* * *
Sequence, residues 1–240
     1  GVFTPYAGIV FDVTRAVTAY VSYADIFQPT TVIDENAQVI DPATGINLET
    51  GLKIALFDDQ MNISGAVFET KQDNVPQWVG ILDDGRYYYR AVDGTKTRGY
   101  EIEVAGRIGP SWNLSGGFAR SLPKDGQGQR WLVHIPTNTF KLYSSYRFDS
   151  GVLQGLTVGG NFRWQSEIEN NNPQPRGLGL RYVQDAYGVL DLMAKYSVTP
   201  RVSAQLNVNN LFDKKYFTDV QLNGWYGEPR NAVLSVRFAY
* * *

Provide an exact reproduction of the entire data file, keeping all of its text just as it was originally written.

Sequence, residues 1–240
     1  GVFTPYAGIV FDVTRAVTAY VSYADIFQPT TVIDENAQVI DPATGINLET
    51  GLKIALFDDQ MNISGAVFET KQDNVPQWVG ILDDGRYYYR AVDGTKTRGY
   101  EIEVAGRIGP SWNLSGGFAR SLPKDGQGQR WLVHIPTNTF KLYSSYRFDS
   151  GVLQGLTVGG NFRWQSEIEN NNPQPRGLGL RYVQDAYGVL DLMAKYSVTP
   201  RVSAQLNVNN LFDKKYFTDV QLNGWYGEPR NAVLSVRFAY